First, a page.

In contrast with hotel rooms, the rooms at traditional ryokans are, shall we say, “Zen.” They typically lack much furniture, apart from a low central table with zaisu (legless chairs).

(At some ryokans, you may have additional furniture, and certainly some high-end and modern ryokans feature a variety of seating options.)

The flooring is traditionally tatami matting, which is both aesthetically pleasing and comfortable to walk, sit, or lay on. But you may be wondering: where are the beds? Don’t worry, we will go over traditional Japanese-style bedding below.

As for the bathrooms: if you’re staying at a luxury ryokan, you’ll have your own private en suite bathroom, as you would expect at any high-end accommodations.

But at many rustic ryokans (even at some moderately luxurious ones), your room may not have an en suite bathroom. Understandably, this is a concern for many travelers, so if you have any doubt make sure to ask before selecting a property.

Snow covers Ginzan Onsen, a hot springs town in Yamagata, Japan
Ginzan Onsen, a traditional onsen town in Yamagata Prefecture

Bathing at Ryokans: Onsen (Hot Springs)

Bathing is an important part of Japanese culture, and perhaps nothing is more enjoyable – and potentially confusing – to non-Japanese travelers than the hot springs experience at a ryokan.

Hot springs are common in many countries, but what makes Japan unique is the onsen culture, which blends an appreciation of nature with a sophisticated philosophy.

We’ve included some helpful tips so you can enjoy your experience to the fullest. But it’s best to accept that, no matter how much you prepare, you’ll probably make an etiquette mistake (or two).

Don’t worry! Japanese people are very understanding. The key is to always just be respectful, and if you don’t know what to do, ask (even sign language works).

Don’t miss our full article on Japanese etiquette for more on tips and taboos for your travels.

Onsen “101”: Japanese Hot Springs Basics

In addition to the traditional hospitality, and the food, onsen are one of the biggest reasons travelers make the journey to rural ryokans.

Not all ryokans have natural hot springs, but even those without onsen will offer a traditional bathing experience, and the etiquette tips below also apply.

Visiting a Japanese onsen is therapeutic, relaxing, and culturally fascinating. It can be a little confusing the first time, but once you get the system down it’s both fun and incredibly rejuvenating.

Outdoor onsen at Nishimuraya Honkan Ryokan, in Kinosaki Onsen, Hyogo Prefecture, Japan
Onsen at the luxurious Nishimuraya Honkan, Kinosaki Onsen


Onsen & Bathing Etiquette Tips

These tips apply to both onsen and to regular baths.

What to Wear at onsen in japan

This one’s easy: nothing. Most onsen are gender-separated, although a small handful are communal. Regardless, swimsuits are simply not permitted. If this sounds unappealing to you, another option is private onsen, a great solution for many travelers (more on this below).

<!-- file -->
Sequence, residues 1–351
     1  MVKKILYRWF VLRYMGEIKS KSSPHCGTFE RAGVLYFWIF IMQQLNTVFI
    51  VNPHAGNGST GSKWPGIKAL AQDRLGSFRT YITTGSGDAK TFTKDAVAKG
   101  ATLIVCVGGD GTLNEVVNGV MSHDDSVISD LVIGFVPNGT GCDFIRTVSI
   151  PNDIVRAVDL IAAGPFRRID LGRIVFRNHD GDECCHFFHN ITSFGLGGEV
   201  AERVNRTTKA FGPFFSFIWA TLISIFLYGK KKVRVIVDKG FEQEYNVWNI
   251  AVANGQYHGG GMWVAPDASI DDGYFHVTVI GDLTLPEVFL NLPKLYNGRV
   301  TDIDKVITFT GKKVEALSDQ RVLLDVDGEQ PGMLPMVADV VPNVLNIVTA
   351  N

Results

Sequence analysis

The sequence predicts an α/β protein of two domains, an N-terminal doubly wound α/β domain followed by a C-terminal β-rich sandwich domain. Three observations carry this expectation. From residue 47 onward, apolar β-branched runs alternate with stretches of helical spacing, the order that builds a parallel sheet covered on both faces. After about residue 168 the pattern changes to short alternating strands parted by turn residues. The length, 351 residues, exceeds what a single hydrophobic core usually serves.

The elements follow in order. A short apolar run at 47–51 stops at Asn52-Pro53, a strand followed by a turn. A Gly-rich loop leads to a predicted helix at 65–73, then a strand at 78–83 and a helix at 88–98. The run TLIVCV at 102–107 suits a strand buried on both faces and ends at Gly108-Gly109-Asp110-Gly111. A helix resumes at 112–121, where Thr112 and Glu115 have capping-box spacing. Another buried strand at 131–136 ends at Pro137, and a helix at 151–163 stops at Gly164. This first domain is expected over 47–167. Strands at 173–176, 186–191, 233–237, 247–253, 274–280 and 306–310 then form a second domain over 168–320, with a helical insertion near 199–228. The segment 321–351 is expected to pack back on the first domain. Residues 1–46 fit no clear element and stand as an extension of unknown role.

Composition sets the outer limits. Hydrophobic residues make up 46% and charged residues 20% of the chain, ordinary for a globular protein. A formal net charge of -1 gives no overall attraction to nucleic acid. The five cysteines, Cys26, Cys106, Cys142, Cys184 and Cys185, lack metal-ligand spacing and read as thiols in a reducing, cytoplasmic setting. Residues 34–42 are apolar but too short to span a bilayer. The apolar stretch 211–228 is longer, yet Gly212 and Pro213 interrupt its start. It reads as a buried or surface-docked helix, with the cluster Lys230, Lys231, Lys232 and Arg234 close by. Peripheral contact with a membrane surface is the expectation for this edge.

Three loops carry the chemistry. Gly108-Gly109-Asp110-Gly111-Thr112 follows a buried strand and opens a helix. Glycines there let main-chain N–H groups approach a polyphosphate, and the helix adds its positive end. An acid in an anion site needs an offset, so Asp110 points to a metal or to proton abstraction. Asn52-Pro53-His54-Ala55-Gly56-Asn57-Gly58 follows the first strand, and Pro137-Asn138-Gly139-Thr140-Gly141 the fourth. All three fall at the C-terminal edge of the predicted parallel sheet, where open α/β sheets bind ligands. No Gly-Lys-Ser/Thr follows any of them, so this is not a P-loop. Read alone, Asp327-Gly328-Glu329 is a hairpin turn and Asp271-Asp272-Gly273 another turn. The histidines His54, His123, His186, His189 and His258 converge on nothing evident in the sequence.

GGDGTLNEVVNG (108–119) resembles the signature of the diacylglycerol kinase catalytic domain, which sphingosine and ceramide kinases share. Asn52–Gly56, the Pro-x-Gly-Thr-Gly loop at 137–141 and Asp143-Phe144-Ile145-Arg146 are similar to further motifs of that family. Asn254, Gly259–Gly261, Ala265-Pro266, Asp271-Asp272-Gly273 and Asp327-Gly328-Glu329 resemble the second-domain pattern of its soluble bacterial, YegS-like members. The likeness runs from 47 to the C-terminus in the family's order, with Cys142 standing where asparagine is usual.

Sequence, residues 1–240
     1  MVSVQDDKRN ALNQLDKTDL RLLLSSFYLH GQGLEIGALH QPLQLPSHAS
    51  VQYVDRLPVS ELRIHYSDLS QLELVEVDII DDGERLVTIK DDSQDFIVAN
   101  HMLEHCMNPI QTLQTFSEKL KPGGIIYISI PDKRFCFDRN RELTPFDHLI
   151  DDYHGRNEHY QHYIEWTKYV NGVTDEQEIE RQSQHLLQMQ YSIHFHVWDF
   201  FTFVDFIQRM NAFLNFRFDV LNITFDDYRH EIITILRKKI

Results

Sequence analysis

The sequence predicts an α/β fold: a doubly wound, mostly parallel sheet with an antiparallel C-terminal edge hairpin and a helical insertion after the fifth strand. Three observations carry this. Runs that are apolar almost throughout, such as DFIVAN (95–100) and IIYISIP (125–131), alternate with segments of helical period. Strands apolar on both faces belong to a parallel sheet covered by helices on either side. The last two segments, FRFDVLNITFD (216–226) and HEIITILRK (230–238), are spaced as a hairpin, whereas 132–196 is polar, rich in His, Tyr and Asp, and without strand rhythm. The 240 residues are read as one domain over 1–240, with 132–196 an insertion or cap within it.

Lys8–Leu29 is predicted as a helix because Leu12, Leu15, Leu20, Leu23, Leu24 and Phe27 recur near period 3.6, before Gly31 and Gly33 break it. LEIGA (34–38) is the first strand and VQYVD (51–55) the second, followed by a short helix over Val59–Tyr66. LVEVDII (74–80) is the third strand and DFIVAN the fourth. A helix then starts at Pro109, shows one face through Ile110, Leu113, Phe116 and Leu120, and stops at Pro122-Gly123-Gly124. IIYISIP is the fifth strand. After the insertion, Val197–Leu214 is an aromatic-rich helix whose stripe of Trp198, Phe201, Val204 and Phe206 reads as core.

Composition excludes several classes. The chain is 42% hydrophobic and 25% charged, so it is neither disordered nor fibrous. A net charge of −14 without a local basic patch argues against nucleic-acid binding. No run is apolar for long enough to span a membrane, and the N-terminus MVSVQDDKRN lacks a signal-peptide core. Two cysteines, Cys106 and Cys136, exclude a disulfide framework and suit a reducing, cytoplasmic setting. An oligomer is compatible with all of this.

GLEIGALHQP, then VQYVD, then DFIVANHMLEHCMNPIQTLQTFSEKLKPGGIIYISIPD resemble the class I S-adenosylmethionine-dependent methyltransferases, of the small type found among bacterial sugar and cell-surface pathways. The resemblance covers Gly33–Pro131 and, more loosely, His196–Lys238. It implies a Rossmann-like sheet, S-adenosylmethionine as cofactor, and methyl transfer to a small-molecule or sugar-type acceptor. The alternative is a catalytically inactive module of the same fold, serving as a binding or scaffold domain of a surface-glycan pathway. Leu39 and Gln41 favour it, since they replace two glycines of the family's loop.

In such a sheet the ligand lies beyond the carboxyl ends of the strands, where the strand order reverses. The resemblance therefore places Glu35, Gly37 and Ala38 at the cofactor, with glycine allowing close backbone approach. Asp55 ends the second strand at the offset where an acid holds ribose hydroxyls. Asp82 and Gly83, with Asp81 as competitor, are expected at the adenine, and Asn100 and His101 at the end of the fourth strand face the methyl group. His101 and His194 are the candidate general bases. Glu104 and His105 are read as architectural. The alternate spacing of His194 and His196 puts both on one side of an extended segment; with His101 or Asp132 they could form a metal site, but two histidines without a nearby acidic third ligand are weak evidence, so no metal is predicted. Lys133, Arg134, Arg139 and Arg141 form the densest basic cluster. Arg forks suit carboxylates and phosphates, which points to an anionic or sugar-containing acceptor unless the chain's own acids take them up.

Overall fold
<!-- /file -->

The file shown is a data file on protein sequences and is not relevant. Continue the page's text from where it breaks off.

make sure to bathe before entering the onsen

When visiting an onsen, you’ll first pass through a changing room. Disrobe and place your garments (everything but your small onsen towel) in the basket provided. Then continue into the shower area, where you’ll find shampoo and body wash. Once you have thoroughly cleaned up, it’s time to soak in the onsen itself.

small and large onsen towels

At onsen, you always have two towels: one large and one small. The large one is for fully drying off after your relaxing soak (leave it in your changing room basket). Take the small towel with you out to the onsen, however it’s important to not let the towel touch the water. Most people use the little towel to discreetly cover themselves while walking from the shower area to the onsen, and then place it on their head, tie it around their forehead, or lay it somewhere near the edge of the bath. Just make sure to keep it out of the onsen.

CAN PEOPLE WITH Tattoos ENTER ONSEN?

Tattoos are not as common among Japanese people as they are in Europe or North America, and traditionally tattoos have been seen as symbols of the Japanese underworld. Because of this, many ryokans have rules against people with tattoos. While this doesn’t always apply to non-Japanese guests (some ryokans choose to be extra flexible), if you have a tattoo — and a Japanese guest complains — you may be asked to leave the bath. If possible, cover your tattoo with a bandage. If this is not possible, the best solution may be to select a ryokan with private onsen — fortunately, these are quite common!

Drinking IN ONSEN

During the day, it is widely considered uncouth to imbibe in onsen. At night, however, it is common at some (though definitely not all) ryokans to see people consuming nihonshu (sake) while bathing. Be very careful: the combination of drinking and onsen-bathing can be dangerous. Also, be respectful: being rowdy is a surefire way to be booted from an onsen.